I wonder how many readers are even aware the portals exist at this point? The use of mobile platforms and how a lot of readers don't go to the end of the article (where portal links are) means few are likely to see them. I wonder if the French have better luck with their portals? WhisperToMe (talk) 21:45, 12 October 2019 (UTC)
Wording needs to be more precise "broad subject area" "many maintainers" "connected to a fictitious project" is what got us here in the first place with many bad portals and has also lead to the isolated deletion board thinking that some form of consensus exist for deletion despite what the actual Community says. Why portals exist is pretty clear to anyone not playing games....what is not clear what should be the criteria.--Moxy 🍁 03:51, 30 September 2019 (UTC)
I don't think "maintainers" is or should be a direct relevant factor. Are WP:Outlines required to have maintainers? I think a desire for maintainers implies a recognition of transient content, and I think the building of transient content is not desirable. I think a new portal structure might be better restarted from the current state of WP:Outlines than from the current state of portals. --SmokeyJoe (talk) 04:21, 30 September 2019 (UTC)
Agree about maintainers as outlined at Wikipedia:Wikipedia is a volunteer service and I guess after all the talks most agree that a Wikiproject should not Own anything as per WP:PROJGUIDE#OWN and should not be forced to take over control of portals as per WP:PROJSCOPE. So a clear content criteria is needed. ..."board subject" changed to something along the lines of "academic fields" (as in top level disciplines Outline of academic disciplines).--Moxy 🍁 04:49, 30 September 2019 (UTC)
I believe that WikiProjects should OWN their Portals, and that their portals should be located as a subpage of their WikiProject page. Eg Move Portal:Mathematics to WP:WikiProject Mathematics. So far, no one either agrees or disagrees with me on that. A problem could be that currently, WikiProject-associated Portals are highly overlapping with the WikiProject main page. Overlap and redundancy is a common criticism of portals.
Outline of academic disciplines has, in my opinion, far more potential as a viable top-down comprehensive browsing resource than any current-style portal. It's not very attractive, is that a problem? --SmokeyJoe (talk) 06:01, 30 September 2019 (UTC)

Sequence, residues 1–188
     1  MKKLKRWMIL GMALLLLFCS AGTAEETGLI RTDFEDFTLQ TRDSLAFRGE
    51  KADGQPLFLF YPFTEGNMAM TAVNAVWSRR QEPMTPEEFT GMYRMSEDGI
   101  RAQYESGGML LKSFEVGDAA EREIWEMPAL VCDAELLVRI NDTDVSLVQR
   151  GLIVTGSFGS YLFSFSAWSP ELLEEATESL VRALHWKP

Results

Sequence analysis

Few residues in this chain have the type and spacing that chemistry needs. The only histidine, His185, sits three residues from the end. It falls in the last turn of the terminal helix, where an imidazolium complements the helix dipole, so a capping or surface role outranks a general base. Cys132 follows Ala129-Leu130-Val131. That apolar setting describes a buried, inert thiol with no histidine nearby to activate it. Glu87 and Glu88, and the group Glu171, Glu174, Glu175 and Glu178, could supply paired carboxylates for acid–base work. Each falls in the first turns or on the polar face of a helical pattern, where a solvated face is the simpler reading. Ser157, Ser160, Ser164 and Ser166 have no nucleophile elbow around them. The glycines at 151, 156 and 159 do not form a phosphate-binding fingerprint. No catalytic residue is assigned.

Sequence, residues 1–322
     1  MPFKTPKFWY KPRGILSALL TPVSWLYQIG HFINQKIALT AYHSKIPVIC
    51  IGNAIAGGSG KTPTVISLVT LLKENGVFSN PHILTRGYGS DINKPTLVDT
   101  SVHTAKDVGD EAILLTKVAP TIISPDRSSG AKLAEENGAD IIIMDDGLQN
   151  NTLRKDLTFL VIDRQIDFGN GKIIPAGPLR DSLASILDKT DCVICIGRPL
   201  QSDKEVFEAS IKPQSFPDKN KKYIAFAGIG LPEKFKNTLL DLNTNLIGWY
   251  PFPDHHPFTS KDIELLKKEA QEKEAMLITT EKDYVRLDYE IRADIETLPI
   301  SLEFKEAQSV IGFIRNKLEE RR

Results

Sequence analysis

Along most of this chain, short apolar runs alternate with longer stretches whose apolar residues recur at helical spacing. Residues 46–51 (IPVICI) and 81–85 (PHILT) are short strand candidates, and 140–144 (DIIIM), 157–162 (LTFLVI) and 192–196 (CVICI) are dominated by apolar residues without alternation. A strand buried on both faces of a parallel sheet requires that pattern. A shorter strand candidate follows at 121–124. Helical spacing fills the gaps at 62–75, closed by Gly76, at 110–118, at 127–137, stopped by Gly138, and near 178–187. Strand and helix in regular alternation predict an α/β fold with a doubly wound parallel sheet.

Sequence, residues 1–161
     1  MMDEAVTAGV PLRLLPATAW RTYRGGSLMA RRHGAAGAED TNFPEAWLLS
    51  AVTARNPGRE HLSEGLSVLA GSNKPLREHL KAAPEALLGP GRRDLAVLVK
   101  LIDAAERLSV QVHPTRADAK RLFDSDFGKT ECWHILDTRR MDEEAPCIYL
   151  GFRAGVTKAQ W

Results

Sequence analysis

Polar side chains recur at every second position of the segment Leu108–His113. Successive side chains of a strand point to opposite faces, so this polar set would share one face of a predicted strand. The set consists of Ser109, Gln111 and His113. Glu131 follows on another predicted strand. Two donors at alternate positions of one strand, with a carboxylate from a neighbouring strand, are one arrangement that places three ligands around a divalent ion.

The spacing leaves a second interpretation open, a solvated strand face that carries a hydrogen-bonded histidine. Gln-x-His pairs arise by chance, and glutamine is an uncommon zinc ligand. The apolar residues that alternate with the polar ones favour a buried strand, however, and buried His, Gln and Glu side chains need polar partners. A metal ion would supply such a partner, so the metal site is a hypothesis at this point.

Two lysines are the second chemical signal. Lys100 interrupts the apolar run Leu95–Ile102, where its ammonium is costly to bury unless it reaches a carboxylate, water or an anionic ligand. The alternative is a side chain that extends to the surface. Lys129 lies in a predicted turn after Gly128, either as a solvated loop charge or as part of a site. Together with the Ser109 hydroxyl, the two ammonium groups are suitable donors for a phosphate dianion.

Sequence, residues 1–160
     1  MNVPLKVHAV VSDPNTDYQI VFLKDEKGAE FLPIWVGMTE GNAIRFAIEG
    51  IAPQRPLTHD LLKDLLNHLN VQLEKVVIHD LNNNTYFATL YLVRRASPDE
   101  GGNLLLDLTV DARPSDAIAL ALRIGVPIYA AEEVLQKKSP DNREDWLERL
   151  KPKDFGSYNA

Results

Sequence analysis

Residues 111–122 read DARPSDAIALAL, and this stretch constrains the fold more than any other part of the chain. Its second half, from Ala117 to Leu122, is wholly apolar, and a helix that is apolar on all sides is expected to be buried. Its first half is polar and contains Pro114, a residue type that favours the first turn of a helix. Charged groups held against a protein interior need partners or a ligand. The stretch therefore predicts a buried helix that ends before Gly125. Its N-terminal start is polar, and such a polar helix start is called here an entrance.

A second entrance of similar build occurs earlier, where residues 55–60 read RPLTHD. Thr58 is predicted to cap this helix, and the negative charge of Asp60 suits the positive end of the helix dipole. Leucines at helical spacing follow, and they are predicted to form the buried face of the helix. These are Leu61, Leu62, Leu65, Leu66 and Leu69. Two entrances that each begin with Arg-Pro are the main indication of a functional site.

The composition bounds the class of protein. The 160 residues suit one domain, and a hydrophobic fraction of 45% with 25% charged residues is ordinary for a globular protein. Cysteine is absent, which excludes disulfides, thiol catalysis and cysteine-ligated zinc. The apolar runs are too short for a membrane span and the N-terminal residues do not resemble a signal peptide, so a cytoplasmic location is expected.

I think "stewardship" is a better description than ownership. The editors interested in a topic (whether or not they choose to explicitly identify themselves with a WikiProject) are the best positioned to decide the scope of pages they plan to maintain, which includes articles, navigation templates, and portals. By definition, anyone interested in maintaining any of these pages is automatically an interested editor. This doesn't mean they own the pages, but they have a vested interest in making them effective. isaacl (talk) 23:49, 30 September 2019 (UTC)
Agree "stewardship" is a better description than ownership. In practice, stewardship/ownership is demonstrated & accepted by having the talk page redirected. If the portal talk page redirects to the WikiProject talk page, then the portal is owned by consensus at the WikiProject talk page. --SmokeyJoe (talk) 01:49, 1 October 2019 (UTC)
One issue too is that WikiProjects themselves have been slowly fading as users have been less and less active. I remember circa 2006-2007 when Wikipedia was more buzzing with activity. Back then I could see WikiProjects being asked to maintain portals. Now that activity has gone down, I don't think that's feasible. WhisperToMe (talk) 21:45, 12 October 2019 (UTC)

List of aging portalsEdit

I have updated my query of English Wikipedia portals by age and number of edits, editors to include the average timestamp of the surviving revisions for all portals (or orphaned portal subpages...). If you download the table you can crunch the numbers and discover a few things which may or not be interesting.

Some portals (even excluding portals created in 2018 or 2017) have most revisions in the same year as their creation year, suggesting they were not really worked on after creation: Finger_Lakes, Conservatism, Freedom_of_speech, Staffordshire, Human–computer_interaction, Studio_Ghibli, Mesozoic, Cretaceous, Alps, Hesse, Tuvalu, Brandenburg, Peak_District, Eifel, Lighthouses, Wetlands, Franconia, Amiga, North_Palatine_Uplands, Rivers, Evangelical_Christianity, Jakarta.